This last point is interesting in that it also affects me (I believe). Normally I tend not to follow the wave of patriotism in America – flag flying, flag decals on vehicles, Civil War reenactments, etc. However, in times that I have encountered criticism of my country from my foreign friends back home, I do find myself feeling somewhat offended and “having” to defend my country. Again, it’s as if I am having to defend who I am and everything which stands for me. After all, all that is America – football games, a bowl of cereal, Thanksgiving, barbeque, Texas – comprise my childhood background and are the elements of my life.

Ryan had asked himself if he were doing himself an injustice by holding back on his comments of Chinese society and life in Tianjin; or if he were doing the correct thing by glossing over (“sugarcoating”) his thoughts as he expressed them towards his Chinese students and friends. Ryan (as well as me) is a firm believer in being true to oneself – that you shouldn’t put on an “act” for others. However, I do admit, I often give into self-monitoring and social norms. In other words, I end up acting a certain way to please others in a given moment, despite the truth that it doesn’t accurately represent my personality and views on life.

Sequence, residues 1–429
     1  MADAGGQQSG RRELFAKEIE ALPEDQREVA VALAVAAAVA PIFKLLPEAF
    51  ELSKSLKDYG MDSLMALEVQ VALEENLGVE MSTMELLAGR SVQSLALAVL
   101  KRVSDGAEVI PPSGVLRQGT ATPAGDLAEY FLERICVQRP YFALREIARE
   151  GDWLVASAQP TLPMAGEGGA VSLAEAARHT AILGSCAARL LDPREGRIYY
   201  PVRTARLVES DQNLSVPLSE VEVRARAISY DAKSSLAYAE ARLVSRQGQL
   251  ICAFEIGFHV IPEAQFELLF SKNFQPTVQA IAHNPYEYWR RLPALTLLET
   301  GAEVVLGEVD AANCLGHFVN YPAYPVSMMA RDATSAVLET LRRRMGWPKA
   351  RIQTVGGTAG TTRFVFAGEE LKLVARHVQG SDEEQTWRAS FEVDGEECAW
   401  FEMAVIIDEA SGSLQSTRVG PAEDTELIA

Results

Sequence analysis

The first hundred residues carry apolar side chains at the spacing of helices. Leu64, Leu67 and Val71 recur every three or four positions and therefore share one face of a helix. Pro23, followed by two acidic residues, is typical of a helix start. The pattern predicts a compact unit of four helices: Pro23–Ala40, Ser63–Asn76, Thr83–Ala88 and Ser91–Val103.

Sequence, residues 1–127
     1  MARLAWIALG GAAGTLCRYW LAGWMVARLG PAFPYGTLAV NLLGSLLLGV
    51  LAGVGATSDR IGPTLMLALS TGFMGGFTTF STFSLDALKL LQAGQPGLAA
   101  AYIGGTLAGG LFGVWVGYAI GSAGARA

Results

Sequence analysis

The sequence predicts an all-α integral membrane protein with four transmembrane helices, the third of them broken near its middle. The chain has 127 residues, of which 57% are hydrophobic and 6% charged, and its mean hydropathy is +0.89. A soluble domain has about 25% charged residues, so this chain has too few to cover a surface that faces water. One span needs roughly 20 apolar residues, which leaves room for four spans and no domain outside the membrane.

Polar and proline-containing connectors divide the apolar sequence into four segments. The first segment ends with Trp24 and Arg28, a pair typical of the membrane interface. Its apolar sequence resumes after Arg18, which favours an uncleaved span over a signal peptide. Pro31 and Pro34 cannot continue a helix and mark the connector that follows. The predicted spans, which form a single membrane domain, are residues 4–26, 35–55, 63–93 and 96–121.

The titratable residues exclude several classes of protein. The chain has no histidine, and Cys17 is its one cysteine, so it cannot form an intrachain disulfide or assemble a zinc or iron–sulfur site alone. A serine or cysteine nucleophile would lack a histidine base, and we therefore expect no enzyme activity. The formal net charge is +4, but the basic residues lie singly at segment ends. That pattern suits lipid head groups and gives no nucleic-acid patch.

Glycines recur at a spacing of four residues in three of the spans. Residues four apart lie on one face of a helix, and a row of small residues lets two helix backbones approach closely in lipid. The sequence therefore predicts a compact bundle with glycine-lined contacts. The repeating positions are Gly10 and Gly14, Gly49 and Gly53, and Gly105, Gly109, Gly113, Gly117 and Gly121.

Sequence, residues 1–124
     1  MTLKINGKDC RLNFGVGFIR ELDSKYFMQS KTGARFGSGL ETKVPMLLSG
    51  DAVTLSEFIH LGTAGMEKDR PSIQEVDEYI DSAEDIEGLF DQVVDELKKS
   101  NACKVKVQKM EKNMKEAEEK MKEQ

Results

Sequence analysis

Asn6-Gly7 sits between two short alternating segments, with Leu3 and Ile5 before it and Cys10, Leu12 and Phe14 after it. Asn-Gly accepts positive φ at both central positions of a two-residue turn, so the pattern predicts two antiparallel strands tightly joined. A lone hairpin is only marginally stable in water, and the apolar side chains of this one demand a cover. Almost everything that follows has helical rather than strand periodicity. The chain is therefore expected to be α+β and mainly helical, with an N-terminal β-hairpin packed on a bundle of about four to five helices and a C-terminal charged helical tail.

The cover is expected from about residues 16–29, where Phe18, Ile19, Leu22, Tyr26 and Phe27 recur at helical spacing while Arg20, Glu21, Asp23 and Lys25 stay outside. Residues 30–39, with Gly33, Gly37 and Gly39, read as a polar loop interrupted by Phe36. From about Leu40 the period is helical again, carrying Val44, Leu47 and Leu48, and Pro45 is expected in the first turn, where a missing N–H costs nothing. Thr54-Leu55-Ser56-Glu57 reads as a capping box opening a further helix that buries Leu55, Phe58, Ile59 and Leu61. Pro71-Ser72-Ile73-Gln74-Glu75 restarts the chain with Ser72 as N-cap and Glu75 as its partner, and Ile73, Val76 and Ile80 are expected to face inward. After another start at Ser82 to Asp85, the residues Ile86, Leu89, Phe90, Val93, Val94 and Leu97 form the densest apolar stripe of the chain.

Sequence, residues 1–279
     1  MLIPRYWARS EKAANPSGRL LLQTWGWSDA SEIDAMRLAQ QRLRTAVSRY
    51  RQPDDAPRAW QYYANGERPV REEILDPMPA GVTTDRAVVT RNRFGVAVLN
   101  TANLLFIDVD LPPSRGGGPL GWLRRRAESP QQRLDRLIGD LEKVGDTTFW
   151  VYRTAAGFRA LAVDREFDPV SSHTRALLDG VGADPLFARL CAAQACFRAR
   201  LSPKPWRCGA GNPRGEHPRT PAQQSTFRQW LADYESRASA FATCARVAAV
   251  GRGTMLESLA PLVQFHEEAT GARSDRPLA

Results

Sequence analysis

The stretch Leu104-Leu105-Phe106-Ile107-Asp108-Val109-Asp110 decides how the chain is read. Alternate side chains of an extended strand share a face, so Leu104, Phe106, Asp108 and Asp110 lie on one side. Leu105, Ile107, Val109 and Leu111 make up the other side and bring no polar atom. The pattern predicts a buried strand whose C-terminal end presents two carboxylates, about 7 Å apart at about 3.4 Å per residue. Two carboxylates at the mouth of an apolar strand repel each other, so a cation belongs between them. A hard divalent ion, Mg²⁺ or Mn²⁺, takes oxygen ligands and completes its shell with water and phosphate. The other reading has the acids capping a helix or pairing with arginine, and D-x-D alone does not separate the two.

With that said though, I think it is a natural outcome that we should feel the need to take on different roles for different people. As Anthropology and life experience have shown me, our “self” – the person who we perceive ourselves to be – is a concoction of others. In other terms, your self-definition is not only defined by you, but it is also defined by the people with whom you associate and spend most of your time. You know, if enough people tell you that your Elvis Presley, you might begin to believe that you really are (maybe not, but you might for a second play with the idea).